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6 Investing Lessons From BDCs

BDCs are monsters about due diligence. You should be, too.


Business development companies (BDCs) are great places to invest your money, particularly because they pay very large dividends. But the other reason to pay close attention to BDCs is the way they handle their own investment research: The due diligence they perform isn’t much different from how you should perform yours.

The difference is that most investors don’t do nearly the research that BDCs do, yet both have the same thing at stake: money.

While BDCs raise some of their capital by going public, much of their initial capital comes from high-net-worth individuals who place their money into these private equity funds. They do this to gain exposure to the kind of middle-market opportunities the average retail investor doesn’t have access to. Plus, these deals tend to provide market-beating returns.

BDCs go for debt investments that yield at least in the low teens, and often higher, and they take an equity position or ask for warrants from the companies they invest in. They’ll invest in leveraged buyouts, management buyouts, recapitalizations, growth financing and acquisition financing. Unlike the average investor, however, they also offer their own expertise to assist the companies they invest in.

The criteria BDCs look for include the following:

  • Seasoned and proven management team with meaningful financial commitment: This is at the top of the list. BDCs don’t invest in a product, they invest in people. They will research management’s background and have numerous phone conversations, arrange site visits and spend time getting to know management. As an individual, you can’t meet management, but if you read the transcripts of enough earnings conference calls, you’ll learn very quickly if your management is on ahead of the curve.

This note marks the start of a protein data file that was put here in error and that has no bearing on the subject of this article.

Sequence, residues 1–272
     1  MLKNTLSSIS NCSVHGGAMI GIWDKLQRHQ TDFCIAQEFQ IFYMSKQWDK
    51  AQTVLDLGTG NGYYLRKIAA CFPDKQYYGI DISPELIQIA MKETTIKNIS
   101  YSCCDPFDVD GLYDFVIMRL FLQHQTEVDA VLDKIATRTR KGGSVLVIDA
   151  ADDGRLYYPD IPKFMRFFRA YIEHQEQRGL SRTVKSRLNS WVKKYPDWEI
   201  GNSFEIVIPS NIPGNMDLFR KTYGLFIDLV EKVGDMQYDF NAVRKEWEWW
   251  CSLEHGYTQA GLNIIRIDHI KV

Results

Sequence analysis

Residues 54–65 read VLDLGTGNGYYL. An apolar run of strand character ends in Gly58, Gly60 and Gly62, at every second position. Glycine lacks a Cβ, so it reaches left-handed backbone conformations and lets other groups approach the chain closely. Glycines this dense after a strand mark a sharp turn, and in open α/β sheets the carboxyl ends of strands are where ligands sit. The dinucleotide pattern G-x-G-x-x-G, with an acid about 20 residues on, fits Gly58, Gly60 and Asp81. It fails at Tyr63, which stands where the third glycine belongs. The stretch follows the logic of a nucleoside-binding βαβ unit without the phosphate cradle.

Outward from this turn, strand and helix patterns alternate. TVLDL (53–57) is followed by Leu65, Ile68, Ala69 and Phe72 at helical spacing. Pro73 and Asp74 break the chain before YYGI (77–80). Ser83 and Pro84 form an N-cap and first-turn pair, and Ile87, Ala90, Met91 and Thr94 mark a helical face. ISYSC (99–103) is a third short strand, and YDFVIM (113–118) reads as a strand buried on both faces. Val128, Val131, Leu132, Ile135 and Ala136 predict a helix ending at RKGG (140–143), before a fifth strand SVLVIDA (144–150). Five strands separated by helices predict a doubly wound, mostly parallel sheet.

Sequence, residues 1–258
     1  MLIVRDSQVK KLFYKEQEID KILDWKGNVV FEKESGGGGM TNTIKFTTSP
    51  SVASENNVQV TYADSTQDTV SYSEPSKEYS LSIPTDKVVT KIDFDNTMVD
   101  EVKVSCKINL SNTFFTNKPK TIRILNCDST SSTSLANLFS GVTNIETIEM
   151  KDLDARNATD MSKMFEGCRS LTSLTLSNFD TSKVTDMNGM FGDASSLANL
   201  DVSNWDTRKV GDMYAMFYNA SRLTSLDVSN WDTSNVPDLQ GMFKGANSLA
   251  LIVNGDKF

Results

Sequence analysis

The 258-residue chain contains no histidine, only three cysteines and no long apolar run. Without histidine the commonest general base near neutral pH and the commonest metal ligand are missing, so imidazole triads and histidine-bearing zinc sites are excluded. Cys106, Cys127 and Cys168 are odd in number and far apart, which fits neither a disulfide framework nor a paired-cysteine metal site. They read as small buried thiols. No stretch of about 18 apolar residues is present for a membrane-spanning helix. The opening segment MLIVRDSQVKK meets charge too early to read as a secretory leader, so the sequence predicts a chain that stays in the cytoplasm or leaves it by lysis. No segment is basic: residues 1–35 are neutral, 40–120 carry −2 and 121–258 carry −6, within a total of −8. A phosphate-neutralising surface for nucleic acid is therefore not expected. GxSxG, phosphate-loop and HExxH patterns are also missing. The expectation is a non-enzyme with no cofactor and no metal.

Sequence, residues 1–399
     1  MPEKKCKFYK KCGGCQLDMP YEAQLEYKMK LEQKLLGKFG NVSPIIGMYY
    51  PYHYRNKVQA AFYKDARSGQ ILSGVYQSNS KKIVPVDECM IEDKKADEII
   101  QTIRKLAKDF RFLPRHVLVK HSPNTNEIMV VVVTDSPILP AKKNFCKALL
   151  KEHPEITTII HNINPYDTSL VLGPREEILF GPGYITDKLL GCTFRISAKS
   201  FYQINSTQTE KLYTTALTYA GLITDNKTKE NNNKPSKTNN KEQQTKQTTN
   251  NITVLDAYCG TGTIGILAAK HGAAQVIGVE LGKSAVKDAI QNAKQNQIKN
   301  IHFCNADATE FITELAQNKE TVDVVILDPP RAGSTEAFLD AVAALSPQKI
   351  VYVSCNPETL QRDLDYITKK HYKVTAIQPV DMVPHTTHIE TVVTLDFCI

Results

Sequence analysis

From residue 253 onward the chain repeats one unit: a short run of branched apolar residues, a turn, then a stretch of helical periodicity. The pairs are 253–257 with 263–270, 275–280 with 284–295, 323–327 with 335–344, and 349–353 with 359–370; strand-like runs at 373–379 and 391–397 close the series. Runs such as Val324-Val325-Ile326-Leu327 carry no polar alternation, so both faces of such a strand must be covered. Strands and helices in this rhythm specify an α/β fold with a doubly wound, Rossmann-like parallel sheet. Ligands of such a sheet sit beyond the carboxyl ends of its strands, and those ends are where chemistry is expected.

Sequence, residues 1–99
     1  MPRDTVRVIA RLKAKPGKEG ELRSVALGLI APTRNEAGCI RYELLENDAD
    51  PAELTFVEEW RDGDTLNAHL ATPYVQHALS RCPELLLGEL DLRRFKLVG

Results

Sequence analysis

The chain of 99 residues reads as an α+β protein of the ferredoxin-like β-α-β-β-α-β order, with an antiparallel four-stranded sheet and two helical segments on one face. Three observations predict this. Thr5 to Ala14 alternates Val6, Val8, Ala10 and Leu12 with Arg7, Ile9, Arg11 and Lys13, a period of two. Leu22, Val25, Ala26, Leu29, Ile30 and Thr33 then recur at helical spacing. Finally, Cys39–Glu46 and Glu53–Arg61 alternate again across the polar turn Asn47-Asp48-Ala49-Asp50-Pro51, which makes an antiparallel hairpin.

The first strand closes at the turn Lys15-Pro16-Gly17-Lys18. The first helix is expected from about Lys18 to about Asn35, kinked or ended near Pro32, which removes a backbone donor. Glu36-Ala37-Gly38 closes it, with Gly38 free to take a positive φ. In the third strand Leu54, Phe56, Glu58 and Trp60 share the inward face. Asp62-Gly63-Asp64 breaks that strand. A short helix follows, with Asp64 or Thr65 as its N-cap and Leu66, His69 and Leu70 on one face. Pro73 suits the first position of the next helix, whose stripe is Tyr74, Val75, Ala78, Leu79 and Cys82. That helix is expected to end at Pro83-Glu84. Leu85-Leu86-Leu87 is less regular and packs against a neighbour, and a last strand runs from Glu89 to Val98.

• Positive historical free cash flow: BDCs aren’t going to throw money at a company that hasn’t turned the corner yet. The only reason you might be lenient here is if you’re dealing with a microcap that has great history but is just on the cusp on free cash flow.
  • Reasonable free cash flow margins and return on assets: BDCs don’t like companies that have thin margins. The slightest change in revenue or expenses could turn a profitable business into a loser. They want to see their money get a good return based on the company’s assets.
  • Traditional businesses but niche market position/potential for market leadership: BDCs aren’t interested in start-ups. They like products that many people use every day — but products that are niche in nature. Take a look at this list from Triangle Capital (NASDAQ:TCAP). Notice how most of these companies operate in a niche within a larger more familiar sector.
  • Defensible competitive advantage: BDCs don’t want to invest in a commodity business. Competition is always trying to kill you. The smart money doesn’t go there.
  • Reasonable exit alternatives: BDCs will often want to invest in a business that might get purchased, earning them multiples on their investment.

Now, do any of these criteria sound odd to you? None of them should. These are all essential for any retail investor to look at. Of course, you should also take a hard look at the financials. You must be vigilant as you go over the financials for anything that seems odd or out of place. If you don’t understand how things like inventory or long-term debt affect the business you’re considering, then learn about these factors, or move on.

Some of the BDCs I’ve looked at that maintain these high underwriting standards include Prospect Park (NASDAQ:PSEC), Blackrock Kelso (NASDAQ:BKCC), TICC Capital (NASDAQ:TICC), Apollo Investment (NASDAQ:AINV) and Main Street Capital (NASDAQ:MAIN).

As always, do your own due diligence on these BDCs, or you’ll have missed the whole point of this article.

As of this writing, Lawrence Meyers didn’t own any securities mentioned here.

Article printed from InvestorPlace Media,

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